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Two Mediums, One World - Go To Introduction
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11. Hermine Ford, untitled, 2006 and 12. John Newman, black glass clamped down, 1998
11. Hermine Ford, untitled, 2006
ink, gouache, watercolor color pencil and graphite on paper
22 x 30
12. John Newman, black glass clamped down, 1998
hot sculpted glass, felt, steel, papier mache, string, chalk
27 x 25 x 11
Although one is a painter and the other a sculptor, Hermine Ford and John Newman share a great deal of artistic territory. In the course of art history, there have been many instances of sculptors and painters working in similar manners. Think, for instance, of Medardo Rosso, whose wax and plaster figures display affinities with Impressionist painting or how the colorful crushed-metal sculptures of John Chamberlain resemble the similarly dense, jagged and explosively hued abstractions of Joan Mitchell. The nature of Ford and Newmanís affinity is no less concrete but it occurs not in the realm of stylistic resemblance but at a deeper, more purely structural level.
As has long been the case in Fordís work, her recent paintings are made on irregularly shaped supports (in this case, pieces of thin plywood covered with linen) rather than on the rectilinear geometry of the conventional stretched canvas. Within these multi-faceted shapes, which resemble the shardlike remains of some shattered and dispersed whole, Ford delineates smaller, similarly irregular shapes that she fills with varieties of intricate patterning. (She also makes shaped drawings with similar formats, as well as drawings on standard rectangular paper.)
One of the recurring patterns involves long and short segments of three or four parallel lines that seem to weave over and under one another. Painted in hues of reddish brown or dark green, these lines suggest an enlarged view of a piece of fabric. In fact, they are closely based on the designs of Mbuti Pygmy women of the Ituri Forest in Zaire, who are known for their barkcloth paintings and drawings. The colors Ford uses echo the plant-based mediums employed by the Mbuti. Also Pygmy-derived is another set of subsections in which dots and lines create netlike patterns of three- four- and five-sided shapes, some of which Ford fills in with solid colors. Other sections follow a stricter geometry, as in patterns made from concentric bands of tiny red, green, yellow and white triangles. These areas derive from Italian mosaics, as do the somewhat more loosely painted sections where Ford deploys countless, quasi-Pointillistic daubs of constantly modulating paint. The densest sections, which are the product of the artistís own fertile visual lexicon, feature an underlying layer of inked lines, over which Ford lays plantlike networks of color. In conjunction, these various zones offer a veritable encyclopedia of painterly options and a beautifully complex spatial topography.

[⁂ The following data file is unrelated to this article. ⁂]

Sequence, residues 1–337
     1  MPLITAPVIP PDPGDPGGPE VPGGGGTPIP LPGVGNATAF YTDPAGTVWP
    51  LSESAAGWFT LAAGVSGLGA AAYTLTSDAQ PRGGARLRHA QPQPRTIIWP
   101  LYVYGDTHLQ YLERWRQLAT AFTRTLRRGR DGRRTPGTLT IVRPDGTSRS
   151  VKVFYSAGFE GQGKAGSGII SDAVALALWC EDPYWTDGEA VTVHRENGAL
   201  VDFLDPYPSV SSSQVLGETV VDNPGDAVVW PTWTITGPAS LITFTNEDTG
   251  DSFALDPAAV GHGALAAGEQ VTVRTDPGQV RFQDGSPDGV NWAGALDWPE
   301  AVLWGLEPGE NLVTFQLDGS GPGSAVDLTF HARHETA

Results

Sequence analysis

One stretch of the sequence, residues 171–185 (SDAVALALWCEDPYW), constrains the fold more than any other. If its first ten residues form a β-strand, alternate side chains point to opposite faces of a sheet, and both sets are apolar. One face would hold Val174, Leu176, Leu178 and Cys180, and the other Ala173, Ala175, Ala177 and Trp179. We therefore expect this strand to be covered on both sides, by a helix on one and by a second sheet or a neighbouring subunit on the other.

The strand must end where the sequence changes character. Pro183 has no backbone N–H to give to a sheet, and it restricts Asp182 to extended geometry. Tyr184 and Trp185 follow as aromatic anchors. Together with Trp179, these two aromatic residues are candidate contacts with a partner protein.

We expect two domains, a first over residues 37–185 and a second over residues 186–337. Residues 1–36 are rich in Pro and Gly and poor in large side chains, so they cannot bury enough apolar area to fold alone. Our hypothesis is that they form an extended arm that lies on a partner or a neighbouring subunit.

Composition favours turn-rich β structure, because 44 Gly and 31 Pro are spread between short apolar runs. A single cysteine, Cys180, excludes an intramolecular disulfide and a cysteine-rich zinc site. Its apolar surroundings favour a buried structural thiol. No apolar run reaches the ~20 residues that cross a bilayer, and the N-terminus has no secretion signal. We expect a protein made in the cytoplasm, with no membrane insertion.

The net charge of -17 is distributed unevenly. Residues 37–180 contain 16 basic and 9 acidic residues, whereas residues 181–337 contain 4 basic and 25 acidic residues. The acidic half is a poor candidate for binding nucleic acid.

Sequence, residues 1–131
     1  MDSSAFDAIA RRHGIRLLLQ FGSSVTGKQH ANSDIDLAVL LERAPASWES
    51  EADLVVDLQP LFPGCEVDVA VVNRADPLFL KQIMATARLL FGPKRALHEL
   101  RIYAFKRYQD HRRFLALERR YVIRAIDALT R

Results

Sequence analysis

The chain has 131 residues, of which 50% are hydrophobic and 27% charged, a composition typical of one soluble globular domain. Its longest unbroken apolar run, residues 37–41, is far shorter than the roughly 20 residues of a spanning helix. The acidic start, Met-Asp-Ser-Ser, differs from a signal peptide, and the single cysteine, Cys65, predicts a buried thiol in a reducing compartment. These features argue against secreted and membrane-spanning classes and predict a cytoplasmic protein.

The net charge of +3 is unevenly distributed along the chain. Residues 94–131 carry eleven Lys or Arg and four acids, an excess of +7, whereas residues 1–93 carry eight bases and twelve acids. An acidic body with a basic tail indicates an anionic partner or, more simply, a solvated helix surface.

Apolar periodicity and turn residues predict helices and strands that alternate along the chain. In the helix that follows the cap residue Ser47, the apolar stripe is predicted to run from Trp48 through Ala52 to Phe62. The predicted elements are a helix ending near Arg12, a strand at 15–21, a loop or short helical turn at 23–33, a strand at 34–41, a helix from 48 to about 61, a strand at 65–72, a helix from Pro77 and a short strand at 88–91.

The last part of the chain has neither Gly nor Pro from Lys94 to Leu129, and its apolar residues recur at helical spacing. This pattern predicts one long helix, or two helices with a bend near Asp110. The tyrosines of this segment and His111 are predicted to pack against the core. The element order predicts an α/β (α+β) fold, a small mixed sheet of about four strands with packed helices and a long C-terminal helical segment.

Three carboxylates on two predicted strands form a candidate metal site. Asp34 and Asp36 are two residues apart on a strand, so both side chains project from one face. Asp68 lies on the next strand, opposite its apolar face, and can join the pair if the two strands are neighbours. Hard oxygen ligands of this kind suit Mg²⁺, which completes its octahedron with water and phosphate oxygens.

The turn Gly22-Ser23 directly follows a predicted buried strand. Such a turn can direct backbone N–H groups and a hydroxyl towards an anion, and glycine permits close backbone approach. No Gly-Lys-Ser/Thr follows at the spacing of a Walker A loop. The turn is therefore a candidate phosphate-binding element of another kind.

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4. Hermine Ford, untitled (06-#4), 2006
ink, oil on linen on birch plywood   40 1/2 x 18
4. Hermine Ford, untitled (06-#4), 2006
ink, oil on linen on birch plywood 40 1/2 x 18
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